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By Tobin Perry
CHICAGO –At one time this city launched the evangelistic ministries of D.L. Moody, Billy Sunday and Billy Graham. But today, Chicago needs new churches, say local Southern Baptists making plans to penetrate lostness in the Windy City through evangelistic church planting.
Currently, the Association for Religion Data Archives says only one in 10 residents of Chicago’s Metropolitan Statistical Area are affiliated with an evangelical church.
Local Southern Baptists hope to change that in the coming years. Send North America is NAMB’s strategy to help churches and individuals become active in all regions of North America to lead people to faith in Jesus Christ and start new churches. Chicago is one of 30 highly influential urban centers throughout North America that NAMB is focusing the attention of Southern Baptists upon.
“With nearly 9 million people in the Chicago metro area, it is our largest, most influential city in the Midwest,” said Steve Davis, NAMB’s vice president for the Midwest region. “The task is enormous. A great strategy is being developed by the local team for Chicago. We will need committed partners, and lots of them, to change the spiritual landscape of Chicagoland.”
With 8.7 million people in the 10 Illinois counties surrounding the city, Chicago is behind only New York City and Los Angeles as the largest Send North America cities. Baptists have been in the city since 1833. Southern Baptists started working in the city in 1916 when a church in Southern Illinois began a new work in North Chicago. Most of the early SBC churches in the state began as Southern Baptists from elsewhere moved to the city and wanted to worship with like-minded believers.
Yet nearly a century after the first SBC church began in Chicago, Southern Baptists have only 275 churches engaging Chicagoland’s 10 counties. Local Southern Baptists say one church for every 31,791 people just isn’t enough. To date the local strategy team has identified a need for 161 new church plants in Chicagoland.
Chris Wright, a North American Mission Board church planting strategist in Chicago, believes there’s reason for optimism about what God is going to do in the coming years through Send North America: Chicago.
“We have more planters on the ground now—healthy planters—than we ever have,” Wright said. “But many of these guys are just getting started.”
Churches from four northeastern Illinois associations and the Illinois Baptist State Association are working together to develop the strategy for Send North America: Chicago. The strategy team divided the work up into three areas—the city core, the suburbs and non-English speaking people groups throughout the city.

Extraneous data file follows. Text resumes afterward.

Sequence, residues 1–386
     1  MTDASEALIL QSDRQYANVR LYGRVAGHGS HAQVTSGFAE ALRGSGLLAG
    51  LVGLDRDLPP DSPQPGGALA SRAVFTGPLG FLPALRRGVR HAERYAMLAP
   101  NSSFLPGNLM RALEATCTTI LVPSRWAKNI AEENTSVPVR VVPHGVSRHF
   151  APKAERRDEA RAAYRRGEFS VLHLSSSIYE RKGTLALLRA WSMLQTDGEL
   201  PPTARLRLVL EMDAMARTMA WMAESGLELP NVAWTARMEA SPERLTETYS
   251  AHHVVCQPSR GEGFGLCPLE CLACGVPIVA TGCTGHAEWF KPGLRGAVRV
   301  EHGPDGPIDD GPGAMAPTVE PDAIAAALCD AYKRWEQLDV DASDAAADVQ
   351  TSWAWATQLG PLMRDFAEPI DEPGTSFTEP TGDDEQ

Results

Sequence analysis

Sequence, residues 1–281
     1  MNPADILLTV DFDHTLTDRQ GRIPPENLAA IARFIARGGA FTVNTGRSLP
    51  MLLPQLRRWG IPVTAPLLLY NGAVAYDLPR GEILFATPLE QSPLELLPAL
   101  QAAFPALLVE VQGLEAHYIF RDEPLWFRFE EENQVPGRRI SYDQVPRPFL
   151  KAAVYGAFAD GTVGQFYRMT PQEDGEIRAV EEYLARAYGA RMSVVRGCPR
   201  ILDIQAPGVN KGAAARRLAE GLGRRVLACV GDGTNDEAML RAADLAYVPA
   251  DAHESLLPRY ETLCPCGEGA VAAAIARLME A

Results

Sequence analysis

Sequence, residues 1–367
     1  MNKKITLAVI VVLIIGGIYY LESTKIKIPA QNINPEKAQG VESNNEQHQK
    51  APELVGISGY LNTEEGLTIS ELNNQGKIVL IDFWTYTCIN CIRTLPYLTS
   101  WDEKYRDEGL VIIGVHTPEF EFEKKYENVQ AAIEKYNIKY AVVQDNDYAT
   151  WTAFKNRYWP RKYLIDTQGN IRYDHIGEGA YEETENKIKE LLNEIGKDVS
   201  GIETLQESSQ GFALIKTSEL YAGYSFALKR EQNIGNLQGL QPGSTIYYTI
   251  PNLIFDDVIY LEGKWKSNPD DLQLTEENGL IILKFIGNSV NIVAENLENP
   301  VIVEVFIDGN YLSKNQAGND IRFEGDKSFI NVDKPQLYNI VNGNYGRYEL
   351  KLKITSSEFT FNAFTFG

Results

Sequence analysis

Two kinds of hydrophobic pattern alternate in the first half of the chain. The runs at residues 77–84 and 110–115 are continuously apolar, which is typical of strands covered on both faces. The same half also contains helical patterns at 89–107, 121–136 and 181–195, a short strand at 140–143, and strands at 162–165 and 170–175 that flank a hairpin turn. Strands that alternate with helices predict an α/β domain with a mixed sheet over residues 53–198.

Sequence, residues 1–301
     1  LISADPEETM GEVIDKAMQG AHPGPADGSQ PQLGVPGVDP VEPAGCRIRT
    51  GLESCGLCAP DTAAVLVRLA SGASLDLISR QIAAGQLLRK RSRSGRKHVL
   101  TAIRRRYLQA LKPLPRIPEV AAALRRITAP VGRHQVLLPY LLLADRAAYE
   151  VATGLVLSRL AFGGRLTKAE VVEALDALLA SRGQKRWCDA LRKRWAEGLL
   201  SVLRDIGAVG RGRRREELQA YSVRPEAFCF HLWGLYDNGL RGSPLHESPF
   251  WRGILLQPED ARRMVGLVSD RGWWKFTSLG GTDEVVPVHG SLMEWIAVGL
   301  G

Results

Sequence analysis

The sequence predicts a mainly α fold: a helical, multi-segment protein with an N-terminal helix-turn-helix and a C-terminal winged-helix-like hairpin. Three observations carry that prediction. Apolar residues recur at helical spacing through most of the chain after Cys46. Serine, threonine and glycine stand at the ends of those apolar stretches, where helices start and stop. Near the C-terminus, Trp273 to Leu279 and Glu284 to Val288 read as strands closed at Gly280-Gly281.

While local Southern Baptist churches are supportive, those involved in the local strategy team believe it’ll take outside help to get the work done.
“Because the lostness and the need to share the gospel in Chicagoland are so great, the people God has here already won’t be sufficient to get the job done,” said Van Kicklighter, associate executive director for missions and church planting at the IBSA. “We need partners.”
For Southern Baptist church planters like Dave Choi, partners are crucial to fulfilling his church’s long-term mission of penetrating the lostness among multi-cultural students streaming into the city. Choi started Church of the Beloved last year after wrestling between opportunities to serve at existing churches and the call to start something new.
“I felt the Lord tell me, ‘I’m going to lead you to a place to plant and you won’t be alone because my presence will be with you,” Choi said.
His partnerships with five Southern Baptist churches—both locally and nationally— have played an important role in helping the new church succeed. One of those churches, First Baptist Church of Fort Smith, Ark., has sent resources and people and prayed for the new church plant on a regular basis. Last summer the church’s children gave more than $1,000 to the Church of the Beloved through Vacation Bible School offerings.
“While we can be involved in a lot of different types of ministry, our desire is to see fruit that lasts,” said FBC Fort Smith’s missions pastor, Greg Ford. “Similar to our efforts with the IMB and unreached people groups abroad, we hope to help start indigenous works that in turn continue to multiply.”
For more information on Send North America: Chicago, visit namb.net/Chicago.
Tobin Perry is a writer for the North American Mission Board.
Date Created: 10/5/2012 2:06:07 PM
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